Statistical analysis of weaving before and after managed lane conversion
Araque Rojas, Santiago Andres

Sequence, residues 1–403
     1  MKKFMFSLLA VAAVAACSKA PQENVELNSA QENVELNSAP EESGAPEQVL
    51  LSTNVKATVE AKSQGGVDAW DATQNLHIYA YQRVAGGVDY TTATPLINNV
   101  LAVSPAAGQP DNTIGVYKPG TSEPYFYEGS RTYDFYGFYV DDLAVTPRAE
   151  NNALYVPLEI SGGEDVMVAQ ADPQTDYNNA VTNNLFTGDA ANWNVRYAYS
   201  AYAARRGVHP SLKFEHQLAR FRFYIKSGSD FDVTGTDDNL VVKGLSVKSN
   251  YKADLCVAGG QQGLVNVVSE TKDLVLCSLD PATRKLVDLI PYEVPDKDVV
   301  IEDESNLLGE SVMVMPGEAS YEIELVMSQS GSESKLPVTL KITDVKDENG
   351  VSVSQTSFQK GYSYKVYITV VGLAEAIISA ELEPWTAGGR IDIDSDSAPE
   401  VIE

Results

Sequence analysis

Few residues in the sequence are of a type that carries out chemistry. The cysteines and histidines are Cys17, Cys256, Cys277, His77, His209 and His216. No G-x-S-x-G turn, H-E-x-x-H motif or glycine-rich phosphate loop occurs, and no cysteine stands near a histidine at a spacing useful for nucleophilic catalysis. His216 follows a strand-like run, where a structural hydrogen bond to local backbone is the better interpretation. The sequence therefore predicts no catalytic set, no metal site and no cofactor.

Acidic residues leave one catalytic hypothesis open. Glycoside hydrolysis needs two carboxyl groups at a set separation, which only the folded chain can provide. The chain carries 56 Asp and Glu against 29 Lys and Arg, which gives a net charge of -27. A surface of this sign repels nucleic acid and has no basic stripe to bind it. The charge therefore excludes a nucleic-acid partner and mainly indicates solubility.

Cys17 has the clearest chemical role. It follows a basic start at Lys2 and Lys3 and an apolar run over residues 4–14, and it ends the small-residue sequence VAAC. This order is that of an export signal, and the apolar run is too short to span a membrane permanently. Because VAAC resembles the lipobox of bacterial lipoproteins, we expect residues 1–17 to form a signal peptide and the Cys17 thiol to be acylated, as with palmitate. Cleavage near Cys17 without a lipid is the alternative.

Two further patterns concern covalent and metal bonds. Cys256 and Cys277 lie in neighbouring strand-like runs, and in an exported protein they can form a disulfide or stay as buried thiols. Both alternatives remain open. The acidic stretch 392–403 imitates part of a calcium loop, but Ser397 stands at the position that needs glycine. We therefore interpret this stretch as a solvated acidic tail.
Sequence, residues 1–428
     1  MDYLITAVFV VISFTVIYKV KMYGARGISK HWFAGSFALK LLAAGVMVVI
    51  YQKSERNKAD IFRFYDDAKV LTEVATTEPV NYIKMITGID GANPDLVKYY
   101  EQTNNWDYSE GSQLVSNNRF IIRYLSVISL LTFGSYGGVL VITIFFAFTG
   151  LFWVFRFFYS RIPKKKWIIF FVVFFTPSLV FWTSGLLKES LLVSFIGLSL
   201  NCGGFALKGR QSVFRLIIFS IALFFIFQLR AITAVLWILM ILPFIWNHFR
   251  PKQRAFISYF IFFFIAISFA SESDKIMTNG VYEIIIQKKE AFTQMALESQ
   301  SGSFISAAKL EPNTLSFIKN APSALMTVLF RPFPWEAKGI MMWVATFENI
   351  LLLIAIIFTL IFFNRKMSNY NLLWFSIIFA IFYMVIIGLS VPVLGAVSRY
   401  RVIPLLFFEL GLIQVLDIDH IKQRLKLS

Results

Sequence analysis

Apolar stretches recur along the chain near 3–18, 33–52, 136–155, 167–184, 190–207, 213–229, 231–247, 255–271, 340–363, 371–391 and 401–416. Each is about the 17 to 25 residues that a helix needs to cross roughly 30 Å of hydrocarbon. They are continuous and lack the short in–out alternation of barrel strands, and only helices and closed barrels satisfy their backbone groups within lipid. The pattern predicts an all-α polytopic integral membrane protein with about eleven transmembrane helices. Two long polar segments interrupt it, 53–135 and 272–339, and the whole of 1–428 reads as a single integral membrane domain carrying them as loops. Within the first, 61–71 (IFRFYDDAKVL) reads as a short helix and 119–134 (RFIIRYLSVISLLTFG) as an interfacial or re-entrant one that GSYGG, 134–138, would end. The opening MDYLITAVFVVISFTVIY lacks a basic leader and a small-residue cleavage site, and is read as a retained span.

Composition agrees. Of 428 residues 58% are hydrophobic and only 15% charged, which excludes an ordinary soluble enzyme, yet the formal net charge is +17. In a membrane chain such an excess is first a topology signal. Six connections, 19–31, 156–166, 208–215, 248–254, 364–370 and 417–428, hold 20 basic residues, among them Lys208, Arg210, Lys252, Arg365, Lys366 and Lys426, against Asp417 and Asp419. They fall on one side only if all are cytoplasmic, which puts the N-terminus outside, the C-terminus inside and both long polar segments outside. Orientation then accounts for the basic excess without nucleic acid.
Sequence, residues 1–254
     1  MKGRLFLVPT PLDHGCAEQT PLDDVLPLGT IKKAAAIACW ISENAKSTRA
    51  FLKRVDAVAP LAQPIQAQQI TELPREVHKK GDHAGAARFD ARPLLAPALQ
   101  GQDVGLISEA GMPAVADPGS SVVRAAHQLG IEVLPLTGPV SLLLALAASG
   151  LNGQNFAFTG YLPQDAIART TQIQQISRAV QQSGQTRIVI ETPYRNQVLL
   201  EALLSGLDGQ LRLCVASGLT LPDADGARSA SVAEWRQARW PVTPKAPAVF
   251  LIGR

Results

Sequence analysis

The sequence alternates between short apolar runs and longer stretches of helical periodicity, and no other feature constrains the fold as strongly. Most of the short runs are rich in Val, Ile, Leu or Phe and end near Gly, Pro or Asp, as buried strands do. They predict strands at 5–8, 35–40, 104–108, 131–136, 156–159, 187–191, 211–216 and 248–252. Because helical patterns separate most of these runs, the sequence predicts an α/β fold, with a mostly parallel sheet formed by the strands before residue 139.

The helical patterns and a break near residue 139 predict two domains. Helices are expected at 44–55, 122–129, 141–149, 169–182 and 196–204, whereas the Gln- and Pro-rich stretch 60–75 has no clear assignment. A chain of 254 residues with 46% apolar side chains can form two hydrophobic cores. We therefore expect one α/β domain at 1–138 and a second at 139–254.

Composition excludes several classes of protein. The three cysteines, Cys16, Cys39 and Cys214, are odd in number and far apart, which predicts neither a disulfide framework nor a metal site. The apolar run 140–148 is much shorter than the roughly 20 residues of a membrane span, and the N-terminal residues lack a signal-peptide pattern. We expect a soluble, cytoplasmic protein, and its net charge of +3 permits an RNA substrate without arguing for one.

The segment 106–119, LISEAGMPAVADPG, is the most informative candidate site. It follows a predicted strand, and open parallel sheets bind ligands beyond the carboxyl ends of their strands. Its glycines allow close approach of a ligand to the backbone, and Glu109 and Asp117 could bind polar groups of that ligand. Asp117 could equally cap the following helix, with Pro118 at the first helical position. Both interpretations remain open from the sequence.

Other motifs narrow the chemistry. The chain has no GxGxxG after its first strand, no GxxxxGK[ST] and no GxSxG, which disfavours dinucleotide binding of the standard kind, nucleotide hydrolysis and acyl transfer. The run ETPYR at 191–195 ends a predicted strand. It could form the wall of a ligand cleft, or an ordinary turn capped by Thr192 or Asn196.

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This thesis presents a statistical analysis of weaving in a managed lane system which is evolving from a High-Occupancy Vehicle (HOV) system to a High-Occupancy Toll system (HOT). Weaving was, assessed along the I-85 corridor in Atlanta, during three different phases in the conversion from HOV to HOT: 1) the existing HOV managed lane system prior to conversion to HOT lanes, 2) after restriping of some weaving zones but prior to conversion of the HOV lanes to HOT lanes and, 3) after the HOT managed lane system opened. Each phase was analyzed to see how weaving behavior into and out of the managed lane system was affected by changes in the system. To accomplish the analysis, video was collected using Georgia Department of Transportation cameras along the corridor. The videos were transferred to an Android Tablet, in which an App developed by the research team was used to record data from the videos. Using the processed weaving data, a comparison of weaving activity during each phase was performed. Data were also analyzed across time of day, speed differentials, and whether the weaves in question were performed legally (within established weaving zones) or illegally (across double-solid striped lane markings). After a comparison of weaving behavior along different variables, a regression tree analysis was completed. The analysis showed that weaving intensity increased as the system was converted from HOV to HOT. However, illegal weaving decreased significantly once the HOT system was in place, perhaps due to stricter enforcement or perhaps due to driver response to illegally entering and leaving tolled lanes. The regression tree analyses indicated that weaving intensity was highly dependent upon whether it was legal or illegal to weave and upon the phase of conversion during which the weave occurred.